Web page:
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The 5 Dumbest Things on Wall Street: Oct. 29

(5 Dumbest article updated with Halliburton's response to the presidential commission findings on its cement.)
5. Halliburton Cement Lacking in Cement-like Qualities

When someone blows a recipe, we hope it's for something mundane like cookies or pumpkin pie, not cement intended for use on deep water oil rigs.

Leave it to Halliburton (HAL) to not only mess up that recipe, but to spend months denying any culpability for the role its cement played in the BP (BP) oil spill. Halliburton's party line up to this point has been that their cement job was juuuust right, and that BP's inferior rig design was to blame for one of the worst environmental catastrophes in U.S. history.

According to a report issued on Thursday from the presidential commission investigating the disaster, three of four tests Halliburton conducted on the cement prior to the rig explosion showed it to be unstable. Two of those four cement recipes were identical to those Halliburton used for BP's Macondo well. The one set of test results that did show stable cement may not have even been available at the time of the work on the Macondo well.

Did Halliburton bother to sound the alarm as a result? Not exactly, said the commission. Halliburton appears to have communicated the cement test results, but didn't really do so in a way that would have, oh, maybe drawn some serious attention to the matter. Go figure.

Unfortunately for BP, the latest revelation in this mess by no means gets BP off the hook. Maybe former CEO Tony Hayward is getting some hollow satisfaction that his seemingly childish whines about Halliburton's "bad cement job" -- which he made repeatedly following the explosion and in the company's interim report -- have been proven to have some validity. The report even says that proper cement stability should have prevented the deepwater well blowout. That said, the commission also found that there were likely several causes of the explosion and that BP's full knowledge of the cement problems still isn't entirely known.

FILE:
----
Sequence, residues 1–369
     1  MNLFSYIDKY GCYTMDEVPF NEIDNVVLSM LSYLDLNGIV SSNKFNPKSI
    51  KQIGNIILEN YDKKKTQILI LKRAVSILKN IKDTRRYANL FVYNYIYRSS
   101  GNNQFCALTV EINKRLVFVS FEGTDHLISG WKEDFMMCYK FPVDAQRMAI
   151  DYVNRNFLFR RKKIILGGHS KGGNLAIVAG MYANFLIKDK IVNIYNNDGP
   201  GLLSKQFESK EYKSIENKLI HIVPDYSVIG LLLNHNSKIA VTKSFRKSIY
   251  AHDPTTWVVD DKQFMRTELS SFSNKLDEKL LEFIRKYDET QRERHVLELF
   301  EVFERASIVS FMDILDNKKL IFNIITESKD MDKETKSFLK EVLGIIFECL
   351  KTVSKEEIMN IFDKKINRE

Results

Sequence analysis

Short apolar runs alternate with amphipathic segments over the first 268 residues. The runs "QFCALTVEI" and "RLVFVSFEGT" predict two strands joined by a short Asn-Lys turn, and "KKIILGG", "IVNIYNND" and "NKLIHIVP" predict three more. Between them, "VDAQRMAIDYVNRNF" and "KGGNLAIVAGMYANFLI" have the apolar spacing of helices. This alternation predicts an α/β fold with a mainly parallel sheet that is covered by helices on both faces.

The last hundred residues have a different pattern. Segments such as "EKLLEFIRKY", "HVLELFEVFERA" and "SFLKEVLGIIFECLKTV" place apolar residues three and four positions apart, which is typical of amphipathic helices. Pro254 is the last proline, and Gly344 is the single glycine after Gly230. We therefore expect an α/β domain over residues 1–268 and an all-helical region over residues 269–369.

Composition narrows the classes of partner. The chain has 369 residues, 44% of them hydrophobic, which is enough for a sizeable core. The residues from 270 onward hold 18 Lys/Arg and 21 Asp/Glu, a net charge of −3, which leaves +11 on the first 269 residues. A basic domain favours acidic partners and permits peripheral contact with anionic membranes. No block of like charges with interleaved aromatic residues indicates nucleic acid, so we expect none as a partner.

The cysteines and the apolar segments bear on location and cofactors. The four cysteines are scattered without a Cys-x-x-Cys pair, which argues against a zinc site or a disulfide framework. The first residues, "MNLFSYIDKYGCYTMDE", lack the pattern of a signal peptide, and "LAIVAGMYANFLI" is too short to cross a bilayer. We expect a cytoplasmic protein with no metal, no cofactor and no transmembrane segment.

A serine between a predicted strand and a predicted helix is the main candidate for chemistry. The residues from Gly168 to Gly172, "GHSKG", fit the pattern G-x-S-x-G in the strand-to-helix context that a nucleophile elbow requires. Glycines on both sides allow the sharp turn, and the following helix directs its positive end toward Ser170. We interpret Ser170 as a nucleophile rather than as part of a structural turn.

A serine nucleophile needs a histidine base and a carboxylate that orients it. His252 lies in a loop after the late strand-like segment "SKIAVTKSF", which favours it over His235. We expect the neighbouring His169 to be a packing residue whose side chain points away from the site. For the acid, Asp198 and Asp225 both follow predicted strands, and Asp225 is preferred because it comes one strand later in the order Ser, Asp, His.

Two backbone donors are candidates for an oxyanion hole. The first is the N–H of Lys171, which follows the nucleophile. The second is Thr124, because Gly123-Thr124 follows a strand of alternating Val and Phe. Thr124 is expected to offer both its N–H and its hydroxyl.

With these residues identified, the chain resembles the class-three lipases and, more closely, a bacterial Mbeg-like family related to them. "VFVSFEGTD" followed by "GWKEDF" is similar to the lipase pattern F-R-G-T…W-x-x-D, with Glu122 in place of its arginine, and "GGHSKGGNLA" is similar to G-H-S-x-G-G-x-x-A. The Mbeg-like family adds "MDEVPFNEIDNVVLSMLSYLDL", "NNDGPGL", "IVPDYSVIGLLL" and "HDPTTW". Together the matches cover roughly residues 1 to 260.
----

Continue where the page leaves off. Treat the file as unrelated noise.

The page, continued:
Halliburton responded early on Thursday by posting a copy of its contract with BP. One portion of the contract makes clear that the onus was on Halliburton to communicate to BP any deficiencies in its work, but the onus then turned to BP to request any work modifications, after which Halliburton would no longer be held liable.

The company followed up at almost 11 p.m. on Thursday with a more formal rebuttal. "Halliburton believes that significant differences between its internal cement tests and the Commission's test results may be due to differences in the cement materials tested," reads the Halliburton statement. "The Commission tested off-the-shelf cement and additives, whereas Halliburton tested the unique blend of cement and additives that existed on the rig at the time Halliburton's tests were conducted."

Ultimately, and not surprisingly, Halliburton made sure to point the finger back at BP. "Halliburton believes that had BP conducted a cement bond log test, or had BP and others properly interpreted a negative-pressure test, these tests would have revealed any problems with Halliburton's cement. A cement bond log test is the only means available to evaluate the integrity of the cement bond. BP, as the well owner and operator, decided not to run a cement bond log test even though the appropriate personnel and equipment were on the rig and available to run that test. BP personnel have publicly testified they intended to conduct the cement bond log test at a later date and to perform any necessary remedial work at that time."

So, the takeaway here is that Halliburton can sell you shoddy cement but will make damn sure they've covered themselves legally for doing so. Yay, ethics! The end result doesn't change much. More layers of the tar ball that is the BP oil spill are being revealed. As you'd expect, each exposed layer only gets blacker and stickier.

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